Gay’s protagonist experiences…honestly, it’s hard to even talk about it. Just know, it’s brutal. And her character is not okay. Not by a long shot. Even in the last pages of the book, after fighting for years to regain a sliver of the life she had, the woman she was before she was kidnapped, she (SPOILER) sees her attacker and unravels. The end.
At first, I was angry. I was rooting for her! I cared about her! How could all or her hard work be gone just like that? I was venting to a friend about it one day, a friend who had also read the story, and she just looked at me—and with that look, I was undone. Here’s why this story matters: Gay so gracefully, tactfully, and honestly portrayed trauma in a way I have never read or experienced before. I believe she is respectful but true to what so many people go through. And in this world, well, I don’t have to tell you—people are not always okay. Things happen, and it changes them. Sometimes you can’t go back. There may only be a different future. A new normal.
Similarly, that’s why I also keep returning to Station Eleven, except in this case, instead of one character going through physical and mental trauma, it is an entire world that has changed and the select few who must somehow continue living. This story isn’t one about survival: it’s about starting over and about how to keep a microscopic piece of civilization, of history, of art alive. Can you imagine? Losing not only necessities like electricity, medicine, pre-packaged food, but also losing thousands of years of history, culture, customs, language, stories. Furthermore, can you imagine knowing what you lost? Knowing there used to be such a thing called the Internet, but having no idea of to bring it back from the grave?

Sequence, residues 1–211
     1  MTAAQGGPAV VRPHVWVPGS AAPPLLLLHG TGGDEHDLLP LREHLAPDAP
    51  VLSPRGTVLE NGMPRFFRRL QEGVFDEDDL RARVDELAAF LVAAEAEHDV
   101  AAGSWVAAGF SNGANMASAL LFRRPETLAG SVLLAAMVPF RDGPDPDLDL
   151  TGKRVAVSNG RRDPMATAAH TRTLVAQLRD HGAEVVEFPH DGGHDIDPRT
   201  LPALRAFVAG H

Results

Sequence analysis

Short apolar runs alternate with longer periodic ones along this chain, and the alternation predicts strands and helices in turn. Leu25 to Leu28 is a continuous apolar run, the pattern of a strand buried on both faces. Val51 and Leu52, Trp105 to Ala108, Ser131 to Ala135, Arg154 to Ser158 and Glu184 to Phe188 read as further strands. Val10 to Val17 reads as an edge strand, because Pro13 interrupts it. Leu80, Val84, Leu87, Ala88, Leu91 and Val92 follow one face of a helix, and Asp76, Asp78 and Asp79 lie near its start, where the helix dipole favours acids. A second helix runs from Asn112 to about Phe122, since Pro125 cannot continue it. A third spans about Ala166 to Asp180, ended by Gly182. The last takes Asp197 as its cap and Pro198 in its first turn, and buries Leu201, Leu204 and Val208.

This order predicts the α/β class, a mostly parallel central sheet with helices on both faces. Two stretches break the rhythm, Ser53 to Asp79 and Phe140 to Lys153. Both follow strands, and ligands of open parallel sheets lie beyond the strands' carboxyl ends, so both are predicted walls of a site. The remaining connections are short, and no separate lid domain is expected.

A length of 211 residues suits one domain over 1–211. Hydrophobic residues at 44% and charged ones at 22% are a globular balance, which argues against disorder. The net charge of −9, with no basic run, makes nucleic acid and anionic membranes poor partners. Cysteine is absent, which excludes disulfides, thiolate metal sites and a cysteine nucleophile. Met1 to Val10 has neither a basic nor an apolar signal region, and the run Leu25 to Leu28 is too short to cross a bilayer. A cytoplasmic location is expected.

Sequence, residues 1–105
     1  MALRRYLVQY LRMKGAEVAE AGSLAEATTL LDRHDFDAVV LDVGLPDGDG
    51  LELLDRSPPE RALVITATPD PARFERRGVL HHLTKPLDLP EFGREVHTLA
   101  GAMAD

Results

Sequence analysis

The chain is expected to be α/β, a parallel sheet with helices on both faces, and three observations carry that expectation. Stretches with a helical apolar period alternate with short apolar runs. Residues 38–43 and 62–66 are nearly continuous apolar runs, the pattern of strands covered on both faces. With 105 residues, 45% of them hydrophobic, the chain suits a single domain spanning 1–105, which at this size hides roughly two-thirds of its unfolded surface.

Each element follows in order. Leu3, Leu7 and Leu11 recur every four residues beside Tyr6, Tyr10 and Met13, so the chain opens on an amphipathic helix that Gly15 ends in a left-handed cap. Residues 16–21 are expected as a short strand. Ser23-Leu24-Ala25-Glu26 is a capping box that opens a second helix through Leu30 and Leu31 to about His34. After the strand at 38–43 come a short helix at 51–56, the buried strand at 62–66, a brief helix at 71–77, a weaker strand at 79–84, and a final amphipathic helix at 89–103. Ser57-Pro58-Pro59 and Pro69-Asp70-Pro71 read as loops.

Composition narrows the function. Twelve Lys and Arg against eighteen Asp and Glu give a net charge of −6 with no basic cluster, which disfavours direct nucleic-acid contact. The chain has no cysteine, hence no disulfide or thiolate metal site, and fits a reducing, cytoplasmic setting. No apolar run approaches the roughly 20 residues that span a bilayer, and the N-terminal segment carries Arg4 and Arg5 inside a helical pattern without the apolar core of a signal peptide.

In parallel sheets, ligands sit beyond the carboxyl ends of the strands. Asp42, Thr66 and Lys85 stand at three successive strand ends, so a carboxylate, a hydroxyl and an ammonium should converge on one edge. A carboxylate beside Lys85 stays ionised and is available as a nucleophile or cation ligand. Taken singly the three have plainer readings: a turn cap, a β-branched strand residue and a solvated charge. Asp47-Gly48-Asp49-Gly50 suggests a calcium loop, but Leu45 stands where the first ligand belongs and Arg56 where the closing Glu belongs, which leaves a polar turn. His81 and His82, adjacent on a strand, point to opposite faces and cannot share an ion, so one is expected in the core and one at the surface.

One of the main characters we follow is part of a traveling symphony. A group of musicians and actors that move from town to town, giving Beethoven and Shakespeare back to a world that hasn’t heard music or tales of woe in 20 years—and just like that, I was struck by the beauty of such a simple thing. Repeatedly, I found myself in their shoes, grieving with the characters, wondering with them, and wandering with them. And I was bizarrely grateful, in this fictional world, to know that Beethoven’s 9th and A Midsummer Night’s Dream survived. It’s been five months since I finished the story, and I’m still grateful the violin lived.